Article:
Wednesday, March 20, 2013


Now that my students have been using their roles within their reading groups for a few months, I have noticed several things. One - most of the students are working hard and doing their best, but I still have a few who can't seem to get it together. Two - the students who are on-task spend valuable time redirecting the other students.

Yesterday, I pulled my class to the carpet and we discussed what each role is and I modeled what a guided reading group should look like. I chose five other students to model a guided reading group with me and I gave them each a job. As a group we talked about what the roles were and how to do them to the best of our ability.

Today as my students entered the class, I timed how long it took before every child in the class had sat down and began their morning work. I was shocked that it took 15 minutes. I also wrote down notes about what early finishers did. Then it was time for a group discussion.  I told the class today I observed each students time-on-task, or T.O.T (as my students have named it).  I told them the day before I had video taped the class during their guided reading groups and I saw some students who were not on the same page as the rest of the group. I also saw students wasting time looking for supplies and many other things I was not pleased with. We had a good discussion about how much time we had lost yesterday and how that would never happen again. After going through all the procedures for entering the room and what to do when we finish early, I had the students go to their guided reading groups.

While groups began reading their chapter books, I sat out a flip camera to record each group. I could see the shock on the students faces and I walked around and set them up. After the groups had finished, I told them from now on each guided reading group would be recorded. I decided periodically I would pull these groups and let them watch their group. I have made a rubric for them to use to evaluate their time-on-task. I was so impressed at how much better they work. I was also impressed by how I was able to easily work with my group without having to worry about students who were off-task.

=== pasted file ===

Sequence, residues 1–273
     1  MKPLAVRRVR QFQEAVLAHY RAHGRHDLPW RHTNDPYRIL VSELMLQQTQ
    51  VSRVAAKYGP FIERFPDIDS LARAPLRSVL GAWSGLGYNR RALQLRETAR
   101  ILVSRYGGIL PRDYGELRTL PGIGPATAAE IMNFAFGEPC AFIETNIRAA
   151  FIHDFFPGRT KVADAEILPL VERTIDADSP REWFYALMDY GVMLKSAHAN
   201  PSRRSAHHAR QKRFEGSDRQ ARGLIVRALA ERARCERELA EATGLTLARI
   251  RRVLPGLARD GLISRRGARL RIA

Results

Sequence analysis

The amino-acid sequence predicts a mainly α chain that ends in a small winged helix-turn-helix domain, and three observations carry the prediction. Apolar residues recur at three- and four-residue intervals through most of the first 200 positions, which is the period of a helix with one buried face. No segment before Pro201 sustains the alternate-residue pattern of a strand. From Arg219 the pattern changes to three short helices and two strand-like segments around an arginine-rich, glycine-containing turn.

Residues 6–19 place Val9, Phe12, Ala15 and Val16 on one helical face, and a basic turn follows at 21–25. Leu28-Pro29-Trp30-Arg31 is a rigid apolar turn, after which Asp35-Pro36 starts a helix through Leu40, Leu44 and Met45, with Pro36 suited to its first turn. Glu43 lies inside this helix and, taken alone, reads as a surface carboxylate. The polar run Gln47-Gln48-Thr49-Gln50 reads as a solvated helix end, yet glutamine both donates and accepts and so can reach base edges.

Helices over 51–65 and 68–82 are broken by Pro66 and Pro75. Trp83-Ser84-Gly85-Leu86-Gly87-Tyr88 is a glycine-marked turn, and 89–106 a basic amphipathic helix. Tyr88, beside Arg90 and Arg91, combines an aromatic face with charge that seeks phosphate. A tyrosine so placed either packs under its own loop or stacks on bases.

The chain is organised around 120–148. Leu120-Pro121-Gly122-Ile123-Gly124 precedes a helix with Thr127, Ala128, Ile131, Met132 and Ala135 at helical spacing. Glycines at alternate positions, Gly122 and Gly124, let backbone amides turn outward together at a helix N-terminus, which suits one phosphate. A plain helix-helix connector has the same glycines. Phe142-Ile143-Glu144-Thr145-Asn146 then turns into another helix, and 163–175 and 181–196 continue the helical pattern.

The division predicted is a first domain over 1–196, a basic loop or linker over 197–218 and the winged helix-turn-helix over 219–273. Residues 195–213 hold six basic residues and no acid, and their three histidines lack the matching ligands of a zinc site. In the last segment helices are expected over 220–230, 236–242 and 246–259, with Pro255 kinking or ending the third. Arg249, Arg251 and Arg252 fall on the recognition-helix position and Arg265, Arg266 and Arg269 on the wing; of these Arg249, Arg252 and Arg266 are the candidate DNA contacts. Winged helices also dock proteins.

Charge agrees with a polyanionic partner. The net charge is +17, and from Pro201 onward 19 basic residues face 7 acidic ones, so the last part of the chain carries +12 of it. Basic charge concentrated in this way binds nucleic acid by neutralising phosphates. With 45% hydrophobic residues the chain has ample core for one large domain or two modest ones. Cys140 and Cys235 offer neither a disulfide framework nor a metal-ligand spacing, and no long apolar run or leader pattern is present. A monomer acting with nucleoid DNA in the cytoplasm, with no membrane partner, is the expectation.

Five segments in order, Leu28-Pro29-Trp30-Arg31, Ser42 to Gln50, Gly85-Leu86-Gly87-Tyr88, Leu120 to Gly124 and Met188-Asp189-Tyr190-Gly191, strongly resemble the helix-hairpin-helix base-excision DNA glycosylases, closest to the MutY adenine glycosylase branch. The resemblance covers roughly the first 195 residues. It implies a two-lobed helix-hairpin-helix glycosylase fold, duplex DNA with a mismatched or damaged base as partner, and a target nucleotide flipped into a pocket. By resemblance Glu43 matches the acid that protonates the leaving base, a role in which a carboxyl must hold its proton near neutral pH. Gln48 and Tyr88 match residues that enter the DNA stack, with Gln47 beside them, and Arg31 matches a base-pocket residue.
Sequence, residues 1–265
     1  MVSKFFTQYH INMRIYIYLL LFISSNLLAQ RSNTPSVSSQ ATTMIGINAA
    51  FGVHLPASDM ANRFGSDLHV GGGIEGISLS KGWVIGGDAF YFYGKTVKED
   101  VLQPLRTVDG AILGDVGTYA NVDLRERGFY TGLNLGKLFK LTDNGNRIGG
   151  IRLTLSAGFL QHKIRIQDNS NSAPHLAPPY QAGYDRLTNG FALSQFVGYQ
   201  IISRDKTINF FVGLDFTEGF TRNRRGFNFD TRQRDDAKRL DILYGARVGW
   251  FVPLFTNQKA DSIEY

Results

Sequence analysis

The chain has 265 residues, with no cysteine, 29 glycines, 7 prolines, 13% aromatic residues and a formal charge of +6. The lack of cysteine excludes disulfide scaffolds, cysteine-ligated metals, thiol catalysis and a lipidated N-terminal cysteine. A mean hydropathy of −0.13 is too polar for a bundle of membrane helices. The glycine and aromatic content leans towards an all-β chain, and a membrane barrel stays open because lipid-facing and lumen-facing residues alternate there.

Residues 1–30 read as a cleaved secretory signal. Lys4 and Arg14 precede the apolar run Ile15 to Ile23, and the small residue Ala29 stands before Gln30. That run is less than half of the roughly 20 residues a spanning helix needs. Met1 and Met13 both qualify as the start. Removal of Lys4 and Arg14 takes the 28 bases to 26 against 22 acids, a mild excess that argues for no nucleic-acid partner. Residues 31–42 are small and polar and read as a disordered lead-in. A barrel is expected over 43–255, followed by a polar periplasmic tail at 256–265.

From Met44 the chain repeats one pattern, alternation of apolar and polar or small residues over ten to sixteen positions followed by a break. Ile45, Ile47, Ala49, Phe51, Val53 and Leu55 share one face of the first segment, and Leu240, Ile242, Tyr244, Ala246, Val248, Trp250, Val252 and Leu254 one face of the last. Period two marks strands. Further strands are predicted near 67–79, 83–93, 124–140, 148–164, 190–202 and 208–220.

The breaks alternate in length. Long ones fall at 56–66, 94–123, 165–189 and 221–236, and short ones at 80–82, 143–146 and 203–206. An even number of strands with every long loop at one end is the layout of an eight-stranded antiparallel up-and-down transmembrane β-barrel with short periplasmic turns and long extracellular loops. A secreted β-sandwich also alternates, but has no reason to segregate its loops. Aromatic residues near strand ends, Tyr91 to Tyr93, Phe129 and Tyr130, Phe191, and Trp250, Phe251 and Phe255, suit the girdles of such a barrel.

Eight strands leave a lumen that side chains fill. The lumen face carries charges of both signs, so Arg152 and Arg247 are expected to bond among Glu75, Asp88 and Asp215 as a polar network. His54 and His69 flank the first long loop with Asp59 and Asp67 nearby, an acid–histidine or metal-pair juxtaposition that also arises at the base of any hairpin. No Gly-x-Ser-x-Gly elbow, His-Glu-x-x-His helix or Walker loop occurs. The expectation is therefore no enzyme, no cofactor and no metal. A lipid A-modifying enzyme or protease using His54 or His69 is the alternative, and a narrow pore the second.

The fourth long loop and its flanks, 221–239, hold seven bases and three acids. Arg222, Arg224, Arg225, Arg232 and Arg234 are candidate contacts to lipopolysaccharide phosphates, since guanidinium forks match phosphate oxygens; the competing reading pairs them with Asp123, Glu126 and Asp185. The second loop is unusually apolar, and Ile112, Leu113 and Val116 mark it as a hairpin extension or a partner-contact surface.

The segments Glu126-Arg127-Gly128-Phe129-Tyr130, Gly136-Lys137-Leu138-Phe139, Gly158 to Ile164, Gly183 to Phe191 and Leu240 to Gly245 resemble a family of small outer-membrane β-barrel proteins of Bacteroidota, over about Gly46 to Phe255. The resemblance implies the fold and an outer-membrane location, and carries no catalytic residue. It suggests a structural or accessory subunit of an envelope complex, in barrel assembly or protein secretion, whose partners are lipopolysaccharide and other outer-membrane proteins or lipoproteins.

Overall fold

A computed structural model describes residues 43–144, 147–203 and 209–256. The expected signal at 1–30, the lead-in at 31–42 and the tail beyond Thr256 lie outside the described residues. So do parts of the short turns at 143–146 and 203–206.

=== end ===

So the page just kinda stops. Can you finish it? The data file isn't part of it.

I created a poster today I am going to use to record students who were caught exemplifying what great time-on-task looks like. If you would like a free copy click the picture below or head on over to my professional development page. This page has tons of great free downloads!



  1. I would love to record our start of the day. Same dilemma...the strong students come in, follow the directions on the board and get working. Other students straggle in, sit motionless for a while, slowly do something and consequently, don't get the work finished.

  2. Suzy, it is so frustrating. I was surprised by what I learned!